So the bank holiday Monday was supposed to be at least a bit of a break, but the Potwell Inn is so overrun with growing plants we simply had to get some of them out to make room for the newcomers. This year we bought a second set of propagator lights, and that’s been very useful but it’s given rise to several horticultural traffic jams. The chillies have done so well in the warm sunshine of our south facing windows that several of them have set their first fruits. With the second wave of plants close to being potted on, we had to move the first twelve large plants up to the greenhouse.  So they all went into the lift and down to the lobby, and thence to the allotment where I carried them down a tray at a time in the wheelbarrow.

But the greenhouse was running at a steady 35C despite our best effort to cool it down, and so one of the aubergines immediately fainted with heat stress.  A & E procedures were immediately adopted and the aubergine slowly recovered during the afternoon. Beyond that I spent a pleasant afternoon hoeing where it was safe, and hand weeding where it wasn’t. For the most part the couch grass is vanquished to the edges of the plot, but the bindweed never seems to give up, and it can grow a foot in an hour if it thinks I’m not watching. This is probably the busiest time of the gardening year, and it’s all too easy to let things slip.  The payoff comes later.

Author: Dave Pole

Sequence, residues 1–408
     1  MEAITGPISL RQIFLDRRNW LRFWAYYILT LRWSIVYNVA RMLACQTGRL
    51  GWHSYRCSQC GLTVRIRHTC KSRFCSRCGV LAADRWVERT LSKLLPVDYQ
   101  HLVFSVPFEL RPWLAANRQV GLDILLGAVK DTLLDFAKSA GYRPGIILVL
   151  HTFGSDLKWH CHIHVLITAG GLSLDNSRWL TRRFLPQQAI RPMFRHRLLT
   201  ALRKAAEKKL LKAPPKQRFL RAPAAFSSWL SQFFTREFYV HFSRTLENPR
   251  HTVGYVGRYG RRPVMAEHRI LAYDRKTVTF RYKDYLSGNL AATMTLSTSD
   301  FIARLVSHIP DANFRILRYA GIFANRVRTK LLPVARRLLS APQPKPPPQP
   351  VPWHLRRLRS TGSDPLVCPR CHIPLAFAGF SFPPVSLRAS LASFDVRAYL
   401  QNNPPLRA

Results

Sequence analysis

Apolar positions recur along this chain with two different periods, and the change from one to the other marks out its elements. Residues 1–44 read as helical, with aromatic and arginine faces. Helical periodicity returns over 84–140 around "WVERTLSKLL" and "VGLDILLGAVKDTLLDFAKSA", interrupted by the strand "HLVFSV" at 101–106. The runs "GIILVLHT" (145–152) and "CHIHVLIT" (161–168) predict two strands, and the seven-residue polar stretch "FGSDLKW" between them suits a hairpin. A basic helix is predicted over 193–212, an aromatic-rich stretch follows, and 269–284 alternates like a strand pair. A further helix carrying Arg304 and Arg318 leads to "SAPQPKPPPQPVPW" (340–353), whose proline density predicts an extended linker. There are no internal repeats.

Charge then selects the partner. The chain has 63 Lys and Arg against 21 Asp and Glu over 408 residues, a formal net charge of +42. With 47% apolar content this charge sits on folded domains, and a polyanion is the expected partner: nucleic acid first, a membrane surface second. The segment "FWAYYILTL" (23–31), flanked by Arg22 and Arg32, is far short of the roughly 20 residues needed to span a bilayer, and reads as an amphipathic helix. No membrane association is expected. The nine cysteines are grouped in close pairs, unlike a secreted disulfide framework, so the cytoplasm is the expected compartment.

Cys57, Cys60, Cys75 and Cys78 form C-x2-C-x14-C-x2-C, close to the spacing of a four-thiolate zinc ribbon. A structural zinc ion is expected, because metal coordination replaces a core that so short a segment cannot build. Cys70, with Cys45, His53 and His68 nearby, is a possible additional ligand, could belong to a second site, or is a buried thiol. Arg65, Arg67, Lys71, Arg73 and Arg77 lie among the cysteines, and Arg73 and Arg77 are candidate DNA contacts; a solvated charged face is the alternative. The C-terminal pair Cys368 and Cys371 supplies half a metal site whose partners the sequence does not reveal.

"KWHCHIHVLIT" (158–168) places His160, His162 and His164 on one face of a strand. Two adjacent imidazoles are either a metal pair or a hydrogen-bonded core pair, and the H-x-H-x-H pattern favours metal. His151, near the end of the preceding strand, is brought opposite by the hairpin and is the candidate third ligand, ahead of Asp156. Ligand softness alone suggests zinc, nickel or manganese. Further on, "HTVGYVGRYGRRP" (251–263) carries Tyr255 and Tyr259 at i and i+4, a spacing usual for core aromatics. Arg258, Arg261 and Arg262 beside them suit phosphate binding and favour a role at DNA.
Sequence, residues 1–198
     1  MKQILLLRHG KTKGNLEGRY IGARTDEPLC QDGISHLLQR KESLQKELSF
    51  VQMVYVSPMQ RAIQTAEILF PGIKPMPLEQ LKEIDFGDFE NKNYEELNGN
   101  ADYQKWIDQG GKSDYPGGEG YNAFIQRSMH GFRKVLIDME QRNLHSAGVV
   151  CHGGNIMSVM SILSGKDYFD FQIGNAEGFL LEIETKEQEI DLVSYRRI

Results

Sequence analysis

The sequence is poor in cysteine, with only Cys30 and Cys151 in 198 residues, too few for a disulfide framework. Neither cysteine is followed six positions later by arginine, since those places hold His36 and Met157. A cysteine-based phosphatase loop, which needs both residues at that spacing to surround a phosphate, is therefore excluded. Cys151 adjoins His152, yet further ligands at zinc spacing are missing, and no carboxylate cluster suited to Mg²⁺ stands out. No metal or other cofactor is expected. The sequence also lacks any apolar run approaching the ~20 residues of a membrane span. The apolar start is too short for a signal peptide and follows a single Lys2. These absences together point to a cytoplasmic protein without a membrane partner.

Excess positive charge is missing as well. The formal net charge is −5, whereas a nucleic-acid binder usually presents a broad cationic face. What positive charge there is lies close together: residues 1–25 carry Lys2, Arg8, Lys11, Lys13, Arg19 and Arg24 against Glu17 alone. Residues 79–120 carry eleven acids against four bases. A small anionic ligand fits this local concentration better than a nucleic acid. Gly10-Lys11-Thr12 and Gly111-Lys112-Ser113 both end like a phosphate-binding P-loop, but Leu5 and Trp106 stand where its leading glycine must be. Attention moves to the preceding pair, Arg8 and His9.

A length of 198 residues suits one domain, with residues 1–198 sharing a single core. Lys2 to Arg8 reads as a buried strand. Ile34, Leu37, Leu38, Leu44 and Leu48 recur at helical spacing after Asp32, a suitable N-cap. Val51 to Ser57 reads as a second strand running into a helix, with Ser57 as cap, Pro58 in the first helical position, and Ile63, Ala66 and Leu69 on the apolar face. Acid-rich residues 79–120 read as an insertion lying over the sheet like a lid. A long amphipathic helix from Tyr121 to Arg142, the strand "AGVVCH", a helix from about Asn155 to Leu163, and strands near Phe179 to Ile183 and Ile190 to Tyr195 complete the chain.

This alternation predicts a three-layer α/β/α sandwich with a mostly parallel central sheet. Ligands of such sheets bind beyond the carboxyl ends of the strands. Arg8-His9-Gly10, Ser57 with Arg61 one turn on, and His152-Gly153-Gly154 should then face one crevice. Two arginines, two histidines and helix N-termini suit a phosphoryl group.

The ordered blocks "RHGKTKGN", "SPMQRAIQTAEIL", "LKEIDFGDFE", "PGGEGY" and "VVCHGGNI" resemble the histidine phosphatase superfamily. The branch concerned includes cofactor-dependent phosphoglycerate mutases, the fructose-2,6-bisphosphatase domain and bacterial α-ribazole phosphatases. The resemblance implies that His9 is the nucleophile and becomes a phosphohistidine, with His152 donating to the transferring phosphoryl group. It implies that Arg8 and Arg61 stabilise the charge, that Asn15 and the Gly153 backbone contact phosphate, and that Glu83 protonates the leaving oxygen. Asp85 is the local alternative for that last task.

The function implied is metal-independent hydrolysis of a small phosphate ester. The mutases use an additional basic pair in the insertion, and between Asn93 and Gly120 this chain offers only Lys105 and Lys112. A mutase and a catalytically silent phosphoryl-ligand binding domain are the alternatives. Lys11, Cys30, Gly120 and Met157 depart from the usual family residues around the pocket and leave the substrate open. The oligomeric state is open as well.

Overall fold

I've spent my life doing a lot of things, all of them interesting and many of them great fun. When most people see my CV they probably think I'm making things up because it includes being a rather bad welder and engineering dogsbody, a potter, a groundsman and bus driver. I taught in a prison and in one of those ghastly old mental institutions as an art therapist and I spent ten years as a community artist. I was one of the founding members of Spike Island, which began life as Artspace Bristol. ! wrote a column for Bristol Evening Post (I got sacked three times, in which I take some pride) and I worked in local and network radio and then finally became an Anglican parish priest for 25 years, retiring at 68 when I realised that the institutional church and me were on different paths. What interests me? It would be easier to list what doesn't, but I love cooking and baking with our home grown ingredients. I'm fascinated by botany and wildlife in general, and botanical illustration. We have a camper van that takes us to the wild places, we love walking, especially in the hills, and we take too many photographs. But what really animates me is the question "what does it mean to be human?". I've spent my life exploring it in every possible way and the answer is ..... well, today it's sitting in the van in the rain and looking across Ramsey Sound towards Ramsey Island. But it might as easily be digging potatoes or making pickle, singing or finding an orchid or just sitting. But it sure as hell doesn't mean getting a promotion, beasting your co-workers or being obsequious to power, which ensured that my rise to greatness in the Church of England flatlined 30 years ago after about 2 days. But I'm still here and still searching for that elusive sweet spot, and I don't have to please anyone any more. Over the last 50 or so years we've had a succession of gardens, some more like wildernesses when we were both working full-time, but now we're back in the game with our two allotments in Bath.